In 2008, the Coen brothers made a violent and mean-spirited comedy, Burn After Reading, about the CIA. Months away from the Obama presidency, it was not a film anyone wanted to see, but in the decade since – as Obama was first subverted and then absorbed by the Beltway class, and the Presidency fell to a man who, being as stupid and empty as imperial power, was its inevitable wielder – it has become the only political film I can rewatch.
It is difficult to know where to begin in reviewing a new work by Marilynne Robinson – in this case, a collection of nonfiction called What Are We Doing Here? Or, rather, it is difficult to know what to say after the extremely obvious beginning: Robinson is the greatest living American author.
In First Reformed, Paul Schrader, the CRC’s most famous apostate, does something I’ve never seen any filmmaker do.
I used to hope that I would outgrow these films someday; with age and self-knowledge, I have stopped expecting this. We need genres, I suppose, for every facet of life, all the bits of ourselves, including the inner kid.
Let’s start with the obvious: Superhero movies cannot be redeemed. At least, like all human works, they will be saved through fire, an image that has always suggested to me an extreme attenuation and transformation of the saved thing. When God reckons with us—with human history, with human culture, with a rapidly warming world in which $200 million spandex smack-fests may well prove to be among the last major collective human cultural projects, a late entry in the timeline that begins with cave art and Gobekli Tepe—most of this genre will go in the twinkling of an eye.
I was a person living in a society already strung out on cruelty, and what Trump’s election showed me is that many of the people living in that society thought the solution to its problems was more cruelty.
For some of us, there’s a season, on the cusp of young adulthood – around 16 or 17 – when all the deepest failings and yearnings of your nature seem to announce themselves one after the other, like symphonic themes that the rest of your life will restate with far greater complexity, perhaps, but never again so pristinely.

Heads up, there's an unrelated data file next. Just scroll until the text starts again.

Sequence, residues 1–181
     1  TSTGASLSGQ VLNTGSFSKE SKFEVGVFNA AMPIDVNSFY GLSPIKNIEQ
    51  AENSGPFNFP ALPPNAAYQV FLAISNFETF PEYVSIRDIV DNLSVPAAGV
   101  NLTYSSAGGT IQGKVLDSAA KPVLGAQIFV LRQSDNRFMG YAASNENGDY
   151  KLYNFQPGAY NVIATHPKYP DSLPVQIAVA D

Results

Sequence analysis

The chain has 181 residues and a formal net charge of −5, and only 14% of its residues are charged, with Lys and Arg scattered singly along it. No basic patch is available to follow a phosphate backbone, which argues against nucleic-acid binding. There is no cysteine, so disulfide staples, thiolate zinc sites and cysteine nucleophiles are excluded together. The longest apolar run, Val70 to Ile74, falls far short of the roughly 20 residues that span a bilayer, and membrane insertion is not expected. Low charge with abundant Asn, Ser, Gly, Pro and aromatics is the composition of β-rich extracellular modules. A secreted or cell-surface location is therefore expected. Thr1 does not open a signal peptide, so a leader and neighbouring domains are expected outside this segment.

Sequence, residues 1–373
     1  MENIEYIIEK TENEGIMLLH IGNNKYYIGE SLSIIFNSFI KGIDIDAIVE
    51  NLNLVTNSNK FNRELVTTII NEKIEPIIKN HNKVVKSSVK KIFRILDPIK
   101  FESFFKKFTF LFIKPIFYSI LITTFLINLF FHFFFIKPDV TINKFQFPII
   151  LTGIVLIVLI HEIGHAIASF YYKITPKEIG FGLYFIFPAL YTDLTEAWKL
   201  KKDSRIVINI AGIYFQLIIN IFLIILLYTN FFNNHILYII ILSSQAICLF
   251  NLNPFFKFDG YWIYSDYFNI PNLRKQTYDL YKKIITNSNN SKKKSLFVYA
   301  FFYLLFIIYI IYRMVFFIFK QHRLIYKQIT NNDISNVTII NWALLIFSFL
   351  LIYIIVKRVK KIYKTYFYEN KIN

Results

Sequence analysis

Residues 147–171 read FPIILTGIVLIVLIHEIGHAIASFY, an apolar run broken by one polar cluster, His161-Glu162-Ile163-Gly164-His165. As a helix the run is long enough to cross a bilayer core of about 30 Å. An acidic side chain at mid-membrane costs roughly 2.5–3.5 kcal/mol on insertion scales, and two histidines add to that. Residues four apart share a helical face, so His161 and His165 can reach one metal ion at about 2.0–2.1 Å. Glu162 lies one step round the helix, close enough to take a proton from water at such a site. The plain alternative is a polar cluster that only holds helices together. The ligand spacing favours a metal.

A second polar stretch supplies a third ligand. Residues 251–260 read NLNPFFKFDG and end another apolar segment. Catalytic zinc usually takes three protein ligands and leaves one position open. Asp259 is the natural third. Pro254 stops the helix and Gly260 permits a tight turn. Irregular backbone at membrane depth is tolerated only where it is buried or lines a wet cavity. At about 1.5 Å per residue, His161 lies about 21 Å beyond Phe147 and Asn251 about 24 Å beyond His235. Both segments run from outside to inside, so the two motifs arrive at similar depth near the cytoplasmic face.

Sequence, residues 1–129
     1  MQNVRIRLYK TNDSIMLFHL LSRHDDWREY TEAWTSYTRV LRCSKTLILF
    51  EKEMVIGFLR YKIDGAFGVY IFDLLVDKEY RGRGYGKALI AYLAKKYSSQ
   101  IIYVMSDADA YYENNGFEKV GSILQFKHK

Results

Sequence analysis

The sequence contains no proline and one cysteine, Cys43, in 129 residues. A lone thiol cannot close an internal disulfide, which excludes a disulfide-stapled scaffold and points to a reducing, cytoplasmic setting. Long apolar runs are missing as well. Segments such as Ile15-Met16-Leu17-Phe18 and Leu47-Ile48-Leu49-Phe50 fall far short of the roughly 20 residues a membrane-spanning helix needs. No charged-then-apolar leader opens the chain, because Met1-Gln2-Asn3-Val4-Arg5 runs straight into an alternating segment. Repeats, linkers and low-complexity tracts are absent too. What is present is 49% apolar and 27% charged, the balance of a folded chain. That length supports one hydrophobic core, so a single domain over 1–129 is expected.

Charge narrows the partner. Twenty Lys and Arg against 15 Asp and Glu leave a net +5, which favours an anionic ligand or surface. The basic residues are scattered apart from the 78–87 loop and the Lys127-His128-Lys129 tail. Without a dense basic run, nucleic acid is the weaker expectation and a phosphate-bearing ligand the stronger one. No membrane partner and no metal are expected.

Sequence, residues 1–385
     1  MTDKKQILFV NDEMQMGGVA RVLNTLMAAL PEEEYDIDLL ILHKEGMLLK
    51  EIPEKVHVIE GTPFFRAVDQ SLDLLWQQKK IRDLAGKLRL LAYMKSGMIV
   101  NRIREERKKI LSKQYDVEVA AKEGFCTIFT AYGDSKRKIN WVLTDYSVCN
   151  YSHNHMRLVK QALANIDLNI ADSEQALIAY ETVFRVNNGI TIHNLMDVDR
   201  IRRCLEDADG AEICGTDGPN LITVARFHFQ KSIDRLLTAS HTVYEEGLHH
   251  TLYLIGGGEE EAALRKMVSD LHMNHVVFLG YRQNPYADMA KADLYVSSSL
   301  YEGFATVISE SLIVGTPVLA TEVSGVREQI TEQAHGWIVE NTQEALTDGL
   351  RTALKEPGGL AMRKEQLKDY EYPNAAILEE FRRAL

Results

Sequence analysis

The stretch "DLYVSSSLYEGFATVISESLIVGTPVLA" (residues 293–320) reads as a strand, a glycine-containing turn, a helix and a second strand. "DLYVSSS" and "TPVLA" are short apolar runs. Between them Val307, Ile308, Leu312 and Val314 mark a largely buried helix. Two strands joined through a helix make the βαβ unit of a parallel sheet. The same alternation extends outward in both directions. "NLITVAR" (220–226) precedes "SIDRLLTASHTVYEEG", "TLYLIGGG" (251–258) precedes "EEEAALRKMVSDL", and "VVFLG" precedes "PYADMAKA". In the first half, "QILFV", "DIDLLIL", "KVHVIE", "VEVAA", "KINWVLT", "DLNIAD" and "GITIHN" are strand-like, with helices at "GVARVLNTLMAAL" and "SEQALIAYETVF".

Do not fear: this is a highly entertaining thriller with well-drawn, interesting characters. Whatever your level of philosophical fitness, you’ll love this workout.
We talk of Gnosticism as an early Christian heresy; it is better understood as an everyday Christian temptation. Loveless knowledge, implied St. Paul, does nothing but puff you up, and as Christians can hardly help claiming to know something about God, so the mere momentary absence of love threatens to leave us with swelled heads.
Albert Murray (1916-2013) was a wholly remarkable man, a novelist, literary critic, Air Force major, sometime professor of literature and a writer on jazz so essential that Duke Ellington himself blurbed one of his books.
In the U.S., you hear most about “leadership” from business writers and schools, and they generally use the term in a way that just stinks of this philosophy. We must all be “leaders,” CEOs of Me, Incorporated, judicious managers of ourselves, mostly because neoliberal economic policies have eroded job security and unstrung the social safety net, so we’re all on our own.
In life, David Bowie – who died in January – was both celebrated and reviled for his lack of a stable artistic personality, a hard center of self. Fans loved him, and some critics hated him, but they often read him the same way: as a series of more or less cynical gestures surrounding nothing. (So who picks the gestures, then?) This reading now appears almost monumentally wrong, an error on the same level as thinking Bob Dylan a protest singer, or Frank Zappa a dangerous intellectual.